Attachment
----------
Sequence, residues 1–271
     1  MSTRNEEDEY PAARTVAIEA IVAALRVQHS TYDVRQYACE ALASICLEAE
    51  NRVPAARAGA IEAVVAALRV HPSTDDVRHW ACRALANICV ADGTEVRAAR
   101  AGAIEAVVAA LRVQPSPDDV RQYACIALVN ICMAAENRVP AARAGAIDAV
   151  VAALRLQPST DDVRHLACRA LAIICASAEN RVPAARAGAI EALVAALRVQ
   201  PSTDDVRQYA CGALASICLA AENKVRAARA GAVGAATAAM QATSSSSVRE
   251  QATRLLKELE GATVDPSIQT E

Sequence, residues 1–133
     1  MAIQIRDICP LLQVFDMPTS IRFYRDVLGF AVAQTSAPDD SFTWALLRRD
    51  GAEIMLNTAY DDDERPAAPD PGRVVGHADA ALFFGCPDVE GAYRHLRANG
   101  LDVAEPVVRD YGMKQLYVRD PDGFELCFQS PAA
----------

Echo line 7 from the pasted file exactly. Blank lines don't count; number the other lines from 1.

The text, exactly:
   251  QATRLLKELE GATVDPSIQT E